It’s a big dumb action movie but then again, so are a lot of the films on this list. Eraser is on here not because it does anything to differentiate itself from the genre. No, it’s on here because it’s Schwarzenegger doing what he does best: spitting out cheesy one-liners, showing off his muscles and laying waste to whoever stands in his path.
The film may play it a bit safe at times but it is by no means boring or unenjoyable. Quite the contrary, actually. Eraser is a fun movie with some memorable action sequences. It accomplishes what it sets out to do and while it’s pretty standard fare, fans of the genre will still get a kick out of it.
74. The Killer
John Woo is a master when it comes to directing action and The Killer is one of his best and most successful films. It’s very well made and it no doubt helped to shape the genre into what it is today. Like most of his work, the film was praised for the beautifully filmed action (which is appropriately bloody and violent) and expert direction, but there’s so much more to admire here than just that.
Some may find the violence here excessive and too over the top, especially for its time, but there’s no denying that Woo’s film is an adrenaline rush of a movie, one that grabs hold of you almost instantly and literally doesn’t give you a minute to breath.
The director uses his camera to place you right in the thick of things so that you feel like the action is happening around you, rather than watching it from the sidelines. Woo is a pro at staging action and some of the scenes here are truly transfixing to watch.
Chow Yun-Fat, who stars in the film and is a frequent collaborator of Woo’s, is also just as badass as ever, giving one of the best performances of his career.
Personally, this is one of my favorite action films of all time and a definitive classic of the genre.
73. Mission: Impossible – Ghost Protocol
Question: If you are a spy whose organization has been framed for a devastating act of terrorism that could well start World War III, and the only things you can count on are a few constantly malfunctioning gadgets and the tiny group of fellow agents with you at the time your supervisor told you to go off the grid before he got shot in the head, what would you do? Answer: Improvise.
Brad Bird directed the fourth entry in Tom Cruise’s signature action franchise as his first live-action film, and proved that he knows how to make a memorable, creative and clever picture that does the franchise it is tied to proud, while still standing on its own.
Ghost Protocol’s action is more about movement than violence, be it Ethan Hunt’s efforts to climb the tallest building in the world with failing climbing gear, William Brandt’s (Jeremy Renner) attempts to pass through a fan system that would send an OSHA agent into conniptions or Jane Carter’s (Paula Patton) martial arts duel with famed assassin Sabine Moreau (Lea Seydoux) in front of a hole in the side of the world’s tallest building.
Bird balances these wildly clever scenes with solid character work and some genuinely funny humor, helped in part by returning cast member Simon Pegg. Ghost Protocol, and the Mission: Impossible film franchise as a whole for that matter are an excellent example of how to build an action franchise and keep it fresh as the years pass.
72. Mad Max
Remember when Mel Gibson was a tough Australian cop battling it out with vicious bikers in a windswept apocalyptic landscape? That was pretty cool, wasn’t it?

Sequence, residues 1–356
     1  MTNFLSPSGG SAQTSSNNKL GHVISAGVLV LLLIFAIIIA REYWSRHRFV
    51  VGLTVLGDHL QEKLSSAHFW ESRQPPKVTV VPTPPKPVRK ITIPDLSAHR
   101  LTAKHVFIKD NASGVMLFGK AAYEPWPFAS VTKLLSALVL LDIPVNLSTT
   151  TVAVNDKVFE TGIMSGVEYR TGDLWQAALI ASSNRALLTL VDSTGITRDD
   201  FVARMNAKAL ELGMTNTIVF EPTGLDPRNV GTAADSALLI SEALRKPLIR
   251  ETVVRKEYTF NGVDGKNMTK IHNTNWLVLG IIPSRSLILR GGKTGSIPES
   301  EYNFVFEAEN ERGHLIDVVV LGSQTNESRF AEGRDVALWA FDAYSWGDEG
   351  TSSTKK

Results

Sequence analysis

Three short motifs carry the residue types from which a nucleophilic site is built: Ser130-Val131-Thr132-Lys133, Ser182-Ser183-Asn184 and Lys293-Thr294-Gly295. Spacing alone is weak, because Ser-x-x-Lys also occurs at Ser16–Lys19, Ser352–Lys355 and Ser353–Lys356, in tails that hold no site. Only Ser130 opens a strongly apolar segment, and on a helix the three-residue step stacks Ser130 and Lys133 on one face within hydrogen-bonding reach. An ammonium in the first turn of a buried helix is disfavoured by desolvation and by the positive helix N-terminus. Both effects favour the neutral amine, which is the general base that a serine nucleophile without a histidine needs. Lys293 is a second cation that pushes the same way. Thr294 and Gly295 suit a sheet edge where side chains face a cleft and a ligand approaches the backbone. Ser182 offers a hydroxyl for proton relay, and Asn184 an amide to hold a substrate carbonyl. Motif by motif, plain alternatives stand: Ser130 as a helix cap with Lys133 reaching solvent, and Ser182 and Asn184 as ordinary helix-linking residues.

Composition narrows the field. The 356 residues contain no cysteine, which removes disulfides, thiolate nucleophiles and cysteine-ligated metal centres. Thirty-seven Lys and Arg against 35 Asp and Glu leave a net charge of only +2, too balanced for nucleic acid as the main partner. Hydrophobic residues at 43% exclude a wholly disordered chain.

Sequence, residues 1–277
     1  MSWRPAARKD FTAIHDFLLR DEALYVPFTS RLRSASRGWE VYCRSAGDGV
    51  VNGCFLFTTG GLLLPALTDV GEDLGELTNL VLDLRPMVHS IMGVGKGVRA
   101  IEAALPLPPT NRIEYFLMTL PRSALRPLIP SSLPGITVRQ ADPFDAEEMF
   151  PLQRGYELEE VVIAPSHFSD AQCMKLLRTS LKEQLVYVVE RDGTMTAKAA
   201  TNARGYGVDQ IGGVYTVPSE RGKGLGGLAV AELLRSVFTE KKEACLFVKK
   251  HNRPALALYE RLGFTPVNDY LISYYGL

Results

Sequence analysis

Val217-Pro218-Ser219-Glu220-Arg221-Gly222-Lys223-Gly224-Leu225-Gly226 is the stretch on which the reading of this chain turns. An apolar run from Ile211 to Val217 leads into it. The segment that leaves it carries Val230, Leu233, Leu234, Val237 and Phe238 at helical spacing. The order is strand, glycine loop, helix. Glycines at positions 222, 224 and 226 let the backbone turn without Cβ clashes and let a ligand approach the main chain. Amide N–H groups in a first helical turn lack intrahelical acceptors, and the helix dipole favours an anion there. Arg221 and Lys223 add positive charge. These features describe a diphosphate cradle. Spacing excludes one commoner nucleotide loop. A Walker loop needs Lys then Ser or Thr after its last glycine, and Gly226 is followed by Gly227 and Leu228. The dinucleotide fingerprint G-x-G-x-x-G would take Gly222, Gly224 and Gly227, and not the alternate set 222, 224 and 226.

The original Mad Max is a harsh, violent and sometimes very ugly piece of filmmaking. Gibson is the quintessential tough guy – a cop who’s basically decent, driven to extremes by the brutalization of his wife and son.
Of course, this all takes place in a largely lawless post-apocalyptic wasteland, where biker gangs rule the roads. It’s only a matter of time before Max flips and becomes … well, mad. It’s a dark, dystopian tale with very little redemption in sight – unless you count Max’s brutal revenge as redemptive. Nevertheless, Mad Max is an immensely satisfying film if you want blood lust and brutality. Which sometimes, we all do
71. Fast & Furious 6
In terms of sheer entertainment value, it is hard to find a single film in the past few years that delivers more effectively than Justin Lin’s Fast & Furious 6. Not that this should be any sort of surprise at this point – 2011’s Fast Five made it clear that against all odds, this series has stealthily matured into one of the very best action blockbuster franchises out there, and Furious 6 is another clear step forward. The film’s most pleasant surprise may lie in how effectively it is able to build upon everything that has come before, remaining perfectly open and welcome to newcomers while offering long-time fans of the franchise plenty of satisfying pay-offs and character resolutions that go well beyond mere ‘callbacks.’ Were it not for that final, zany, mid-credits throwing of the gauntlet, Furious 6 could very well be the franchise’s final installment, and it would feel not only like an immensely satisfying finale, but an emotionally earned one as well. Every member of this cast has come to inhabit their fun (if intentionally simple) characters completely, and the chemistry between them all is, at this point, off the charts, something Lin exploits to great effect throughout.
Moreover, Furious 6 is simply a tremendous action movie, one of the absolute best of the decade so far, with a concluding set piece that is certifiably insane in its ambition, design, and stirring execution. When it comes to pure entertainment – energetic, engaging, and filled with more adrenaline that the human body should be capable of processing – very few ongoing film series, if any, do it better, and Furious 6 is a stunningly crafted, unexpectedly poignant, and above all else, ridiculously fun monument to this truth.